Thomas Lynch’s fifth collection gathers together two dozen, 24-line poems – a book of hours – on the life and times of Argyle, a sin-eater, the figure who historically appeared at Irish funerals to eat bread and drink a bowl of beer, and so consume the sins of the deceased.
Set on the West Clare peninsula, where the author keeps an ancestral home, these poems explore the nature of religious experience, faith and doubt, communion and atonement. They are accompanied by 24 photographs and a watercolour by Lynch’s sons, Michael and Sean.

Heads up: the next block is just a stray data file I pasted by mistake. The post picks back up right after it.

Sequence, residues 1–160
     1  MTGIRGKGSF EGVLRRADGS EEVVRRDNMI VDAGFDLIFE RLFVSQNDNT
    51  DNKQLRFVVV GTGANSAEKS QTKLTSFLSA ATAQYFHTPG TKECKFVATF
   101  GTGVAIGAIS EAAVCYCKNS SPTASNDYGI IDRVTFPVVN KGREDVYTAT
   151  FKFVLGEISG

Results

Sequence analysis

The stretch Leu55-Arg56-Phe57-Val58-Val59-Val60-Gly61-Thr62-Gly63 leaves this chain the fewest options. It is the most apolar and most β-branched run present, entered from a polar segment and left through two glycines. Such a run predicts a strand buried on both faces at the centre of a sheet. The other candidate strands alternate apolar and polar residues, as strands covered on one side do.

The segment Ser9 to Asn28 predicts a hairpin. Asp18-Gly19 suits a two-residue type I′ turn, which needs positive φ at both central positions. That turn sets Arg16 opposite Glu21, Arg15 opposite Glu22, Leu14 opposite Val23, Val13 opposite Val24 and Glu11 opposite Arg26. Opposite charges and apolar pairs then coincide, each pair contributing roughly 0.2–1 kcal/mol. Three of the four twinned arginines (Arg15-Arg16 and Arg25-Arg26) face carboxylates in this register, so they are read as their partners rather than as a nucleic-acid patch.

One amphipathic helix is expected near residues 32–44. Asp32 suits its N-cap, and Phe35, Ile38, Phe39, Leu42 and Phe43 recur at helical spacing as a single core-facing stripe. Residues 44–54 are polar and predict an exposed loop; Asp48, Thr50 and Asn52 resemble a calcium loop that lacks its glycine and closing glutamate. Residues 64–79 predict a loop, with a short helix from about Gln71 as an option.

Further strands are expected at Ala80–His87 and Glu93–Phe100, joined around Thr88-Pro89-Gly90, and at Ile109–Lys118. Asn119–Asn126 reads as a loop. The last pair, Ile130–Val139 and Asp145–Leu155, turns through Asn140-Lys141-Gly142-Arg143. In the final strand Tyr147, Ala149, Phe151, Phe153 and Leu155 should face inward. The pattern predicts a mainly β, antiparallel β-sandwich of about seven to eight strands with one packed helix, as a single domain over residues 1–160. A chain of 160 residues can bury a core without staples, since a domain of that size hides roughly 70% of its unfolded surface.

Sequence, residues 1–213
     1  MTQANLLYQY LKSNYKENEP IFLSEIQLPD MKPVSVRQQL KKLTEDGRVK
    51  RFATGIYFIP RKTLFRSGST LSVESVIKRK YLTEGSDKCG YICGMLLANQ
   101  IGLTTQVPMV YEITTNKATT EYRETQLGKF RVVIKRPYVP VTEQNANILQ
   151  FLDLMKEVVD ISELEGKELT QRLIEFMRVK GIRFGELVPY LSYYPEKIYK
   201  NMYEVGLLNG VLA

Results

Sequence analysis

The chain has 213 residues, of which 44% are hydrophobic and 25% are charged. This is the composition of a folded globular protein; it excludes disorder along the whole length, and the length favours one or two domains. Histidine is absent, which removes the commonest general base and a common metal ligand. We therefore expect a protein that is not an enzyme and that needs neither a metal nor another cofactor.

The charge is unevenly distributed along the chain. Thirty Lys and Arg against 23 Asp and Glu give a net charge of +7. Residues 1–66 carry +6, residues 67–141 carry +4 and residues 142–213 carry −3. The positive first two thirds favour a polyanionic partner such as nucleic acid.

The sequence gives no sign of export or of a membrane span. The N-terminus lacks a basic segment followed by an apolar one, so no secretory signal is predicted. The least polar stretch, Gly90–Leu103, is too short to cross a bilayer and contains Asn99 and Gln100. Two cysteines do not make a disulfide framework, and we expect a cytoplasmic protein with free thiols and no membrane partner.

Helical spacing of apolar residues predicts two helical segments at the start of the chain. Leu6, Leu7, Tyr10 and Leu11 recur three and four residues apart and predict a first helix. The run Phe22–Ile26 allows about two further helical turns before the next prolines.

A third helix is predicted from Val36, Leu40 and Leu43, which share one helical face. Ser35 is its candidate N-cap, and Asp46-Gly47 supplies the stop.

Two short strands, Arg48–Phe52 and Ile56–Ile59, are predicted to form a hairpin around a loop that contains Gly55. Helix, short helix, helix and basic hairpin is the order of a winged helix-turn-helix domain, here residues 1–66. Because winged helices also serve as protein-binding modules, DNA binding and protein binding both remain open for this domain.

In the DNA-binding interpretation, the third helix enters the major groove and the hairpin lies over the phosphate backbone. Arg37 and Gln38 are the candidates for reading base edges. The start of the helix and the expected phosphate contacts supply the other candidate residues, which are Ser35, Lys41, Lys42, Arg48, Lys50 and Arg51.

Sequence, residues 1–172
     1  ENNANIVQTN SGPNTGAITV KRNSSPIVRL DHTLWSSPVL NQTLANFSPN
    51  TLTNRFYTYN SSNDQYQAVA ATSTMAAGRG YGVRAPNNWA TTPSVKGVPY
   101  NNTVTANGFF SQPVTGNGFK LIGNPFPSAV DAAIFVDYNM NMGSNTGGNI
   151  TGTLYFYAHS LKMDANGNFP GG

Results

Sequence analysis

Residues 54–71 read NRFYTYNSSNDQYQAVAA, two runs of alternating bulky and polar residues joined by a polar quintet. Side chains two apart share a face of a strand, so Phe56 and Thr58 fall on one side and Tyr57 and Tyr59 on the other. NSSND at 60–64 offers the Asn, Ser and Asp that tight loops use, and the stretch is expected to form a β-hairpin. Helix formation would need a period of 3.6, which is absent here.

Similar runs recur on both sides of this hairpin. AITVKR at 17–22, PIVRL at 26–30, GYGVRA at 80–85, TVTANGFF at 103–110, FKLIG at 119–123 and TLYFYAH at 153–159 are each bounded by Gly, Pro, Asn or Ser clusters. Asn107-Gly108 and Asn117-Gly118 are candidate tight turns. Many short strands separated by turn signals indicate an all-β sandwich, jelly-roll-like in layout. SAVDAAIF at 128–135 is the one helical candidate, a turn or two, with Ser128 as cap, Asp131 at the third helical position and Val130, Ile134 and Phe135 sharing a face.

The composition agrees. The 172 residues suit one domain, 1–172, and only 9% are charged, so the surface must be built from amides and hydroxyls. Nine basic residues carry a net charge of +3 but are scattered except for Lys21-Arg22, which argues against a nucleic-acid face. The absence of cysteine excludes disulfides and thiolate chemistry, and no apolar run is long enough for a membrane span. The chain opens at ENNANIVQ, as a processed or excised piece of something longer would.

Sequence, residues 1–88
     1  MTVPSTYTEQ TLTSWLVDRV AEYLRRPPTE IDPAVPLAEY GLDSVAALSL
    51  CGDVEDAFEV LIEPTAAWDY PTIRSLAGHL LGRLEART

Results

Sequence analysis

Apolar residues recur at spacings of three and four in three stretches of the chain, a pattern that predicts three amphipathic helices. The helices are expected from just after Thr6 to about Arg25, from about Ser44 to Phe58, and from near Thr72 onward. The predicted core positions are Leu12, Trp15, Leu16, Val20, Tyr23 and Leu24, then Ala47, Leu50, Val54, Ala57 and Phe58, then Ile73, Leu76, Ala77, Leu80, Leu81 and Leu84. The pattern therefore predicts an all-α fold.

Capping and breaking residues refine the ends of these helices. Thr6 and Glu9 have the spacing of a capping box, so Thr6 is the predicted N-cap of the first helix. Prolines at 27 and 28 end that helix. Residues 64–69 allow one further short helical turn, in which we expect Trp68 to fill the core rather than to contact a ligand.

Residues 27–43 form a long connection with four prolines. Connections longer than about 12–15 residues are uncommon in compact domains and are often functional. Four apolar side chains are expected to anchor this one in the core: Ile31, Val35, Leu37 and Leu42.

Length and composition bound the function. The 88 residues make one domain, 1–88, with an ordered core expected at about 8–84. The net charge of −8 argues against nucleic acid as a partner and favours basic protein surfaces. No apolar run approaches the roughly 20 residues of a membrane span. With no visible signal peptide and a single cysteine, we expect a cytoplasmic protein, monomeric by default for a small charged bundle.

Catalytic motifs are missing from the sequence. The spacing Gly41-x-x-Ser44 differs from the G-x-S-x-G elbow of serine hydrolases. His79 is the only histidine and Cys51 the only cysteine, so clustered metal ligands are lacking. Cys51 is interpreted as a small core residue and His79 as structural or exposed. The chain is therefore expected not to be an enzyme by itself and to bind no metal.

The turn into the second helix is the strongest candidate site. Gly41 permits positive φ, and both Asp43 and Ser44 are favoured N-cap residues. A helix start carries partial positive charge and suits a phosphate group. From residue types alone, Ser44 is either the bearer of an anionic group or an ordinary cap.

“A luminous, humane collection that sees religion as a question mark, not a period.”
Thomas Lynch is the author of four previous poetry collections. A book of stories, Apparition & Late Fictions, was published by Cape in 2010 to critical acclaim. His collection of essays The Undertaking: Life Studies from the Dismal Trade (1998), about being a funeral director, won the American Book Award and was a finalist for the National Book Award. His work has been the subject of two documentaries: the Emmy Award-winning The Undertaking (2007) and the BBC film Learning Gravity (2008), awarded the Michigan Prize by Michael Moore. He lives in Milford, Michigan.